Although it seems like he has been around forever, Joni Ortio is just 22-years old and last year was the first time in his career he was a starter for a professional club. Ortio played 54 games for HIFK Helsinki in the SM-Liiga and managed to stop 91.7% of the pucks he saw. By many accounts, Ortio was only reason the team won the game on many nights, which established him as a legitimate goalie in Finland.
His first attempt at the AHL level in 2011-12 didn’t go well, with being lit up in 9 appearances. That said, any goalie can look bad over that small a sample, especially a 21 year old getting his feet wet in a new country and league. Ortio is the youngest of the Flames established, pro goalies this season, but also the most untested. There’s a good chance the team will give him a shot to win the AHL starters role to see if he can continue to develop.
4.) Laurent Brossoit
After three rather successful campaigns in the WHL, former 6th round pick Laurent Brossoit is poised to turn pro with the Flames this coming year. The Surrey BC native turned 20 in March and having spent the last two years as a top-10 puckstopper for the Edmonton Oil Kings, doesn’t really have any reason to linger in junior.
Like many junior players, Brossoit has a nice resume heading into pro but the real test will be how he fares against grown men. Like most skaters, this is the step that many ‘tenders fail to take (see: Matt Keetley, Leland Irving, etc.) so it’s an open question whether Brossoit will continue to impress or struggle to take the next step.
5.) Jon Gillies
After winning a goal medal at the World Junior championships as USA’s back-up, Gillies was named the national rookie of the year for collegiate hockey and second team all-star. Gillies surpassed all reasonable expectations for a freshman goalie, quickly becoming Provdience’s starter at the onset of the season and then going on to post an incredible .931 SV% in 35 games. The Friar’s back-up, Russ Stein, only played four games and managed an .879 SV% in contrast.
Gillies is only 19 years old and still has a lot of proving to do before he can be considered an option at the pro level. That said, he’s off to a tremendous start.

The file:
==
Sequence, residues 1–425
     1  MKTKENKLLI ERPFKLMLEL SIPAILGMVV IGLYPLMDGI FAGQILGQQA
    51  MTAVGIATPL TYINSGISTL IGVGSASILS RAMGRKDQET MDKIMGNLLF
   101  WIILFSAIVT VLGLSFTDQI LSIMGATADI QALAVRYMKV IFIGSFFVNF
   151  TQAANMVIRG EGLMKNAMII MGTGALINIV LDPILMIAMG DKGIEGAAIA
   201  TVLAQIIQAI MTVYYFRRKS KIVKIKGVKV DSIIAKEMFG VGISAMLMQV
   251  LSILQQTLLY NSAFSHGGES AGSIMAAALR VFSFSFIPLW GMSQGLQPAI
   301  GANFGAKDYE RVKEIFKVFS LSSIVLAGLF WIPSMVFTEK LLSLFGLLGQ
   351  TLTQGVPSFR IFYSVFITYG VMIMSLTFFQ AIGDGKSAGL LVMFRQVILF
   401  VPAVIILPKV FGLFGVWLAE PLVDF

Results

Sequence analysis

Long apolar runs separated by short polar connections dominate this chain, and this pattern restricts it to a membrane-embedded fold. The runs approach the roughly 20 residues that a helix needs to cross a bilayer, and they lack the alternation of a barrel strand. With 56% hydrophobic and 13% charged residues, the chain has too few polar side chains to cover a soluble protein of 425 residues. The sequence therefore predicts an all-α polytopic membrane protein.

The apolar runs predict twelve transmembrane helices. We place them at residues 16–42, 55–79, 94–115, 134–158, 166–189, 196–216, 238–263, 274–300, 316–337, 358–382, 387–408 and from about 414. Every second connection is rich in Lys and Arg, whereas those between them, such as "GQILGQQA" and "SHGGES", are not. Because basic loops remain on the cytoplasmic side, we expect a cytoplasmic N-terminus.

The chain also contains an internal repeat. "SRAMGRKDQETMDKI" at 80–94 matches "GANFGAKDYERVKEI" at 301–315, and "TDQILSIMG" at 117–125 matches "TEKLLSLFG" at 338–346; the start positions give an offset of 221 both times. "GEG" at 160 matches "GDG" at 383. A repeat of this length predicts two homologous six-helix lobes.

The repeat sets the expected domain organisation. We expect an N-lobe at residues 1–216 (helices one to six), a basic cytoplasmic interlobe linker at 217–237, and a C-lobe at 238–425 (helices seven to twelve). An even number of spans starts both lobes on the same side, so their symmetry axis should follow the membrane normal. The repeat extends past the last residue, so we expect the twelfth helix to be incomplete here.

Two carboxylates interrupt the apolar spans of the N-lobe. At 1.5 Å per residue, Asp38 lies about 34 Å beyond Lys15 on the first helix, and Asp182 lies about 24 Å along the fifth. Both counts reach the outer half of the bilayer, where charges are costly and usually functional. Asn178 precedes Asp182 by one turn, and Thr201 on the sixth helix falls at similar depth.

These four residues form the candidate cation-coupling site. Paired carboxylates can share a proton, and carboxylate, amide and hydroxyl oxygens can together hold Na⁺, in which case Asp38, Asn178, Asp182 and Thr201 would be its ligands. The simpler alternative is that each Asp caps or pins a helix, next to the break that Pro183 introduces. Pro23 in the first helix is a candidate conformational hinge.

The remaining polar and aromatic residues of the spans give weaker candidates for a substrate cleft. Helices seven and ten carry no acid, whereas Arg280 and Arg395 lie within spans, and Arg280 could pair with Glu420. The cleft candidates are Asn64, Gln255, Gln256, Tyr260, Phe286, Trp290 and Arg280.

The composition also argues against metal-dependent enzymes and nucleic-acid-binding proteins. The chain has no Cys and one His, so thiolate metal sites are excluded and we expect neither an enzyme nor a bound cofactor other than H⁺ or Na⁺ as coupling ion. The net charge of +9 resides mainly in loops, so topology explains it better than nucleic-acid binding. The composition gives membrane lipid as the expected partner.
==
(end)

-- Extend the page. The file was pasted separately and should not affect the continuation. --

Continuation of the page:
Leland Irving, Barry Brust, Danny Taylor
The organization’s trio of AHL goaltenders this season probably won’t be returning thanks to the influx of other options (Ortio, Berra, Brossoit). All three guys are pending free agents and old enough to not be terribly interested in battling it out with other guys who might be considered more worthwhile organizational assets in the eyes on management.
Leland Irving is the best bet to be let go outright. The Flames re-inked him to a one-year "prove yourself" deal last summer. Unfortunately, the former first rounder took a big step backwards by first losing out to Taylor and Brust in the AHL and then getting beat up in the NHL when Kiprusoff went down with injury. By acquiring MacDonald and signing Taylor to an NHL contract, the team made it very clear they have no real confidence in Irving and so will likely be walking away from him this year.
It’s possible this summer that a number of decently skilled puckstoppers find themselves without homes in the NHL. Ilya Bryzgalov and Roberto Louongo could find themselves at the other end of a compliance buy-out, while a team like the Anaheim Ducks may consider trading Jonas Hiller with the Victor Fasth enjoyed in his rookie season.
MA Fleury could also find himself rich but unemployed after his second straight playoff implosion, although he’s so mediocre I’d counsel the Flames to give him a wide berth. The aging but still functional Nik Backstrom might make it to free agency as well. He could be a good stop gap for the Flames, especially if it doesn’t look like Ramo will be able to be a true "1A" option. I wouldn’t be surprised is Jaro Halak is shopped around by the Blues as well.
Nothing is overly certain about the Flames moving forward, least of all the goaltending. The organization isn’t totally without options, clearly, but there’s also no clear guy any NHL GM would feel comfortable betting money on. If a legitimate NHLer becomes available via either free agency or buy-out, it wouldn’t surprise me to see the team investigate that option, at least so they can a get a body who will be able to platoon with Ramo at best or take over if NHL hockey proves to be over his head again.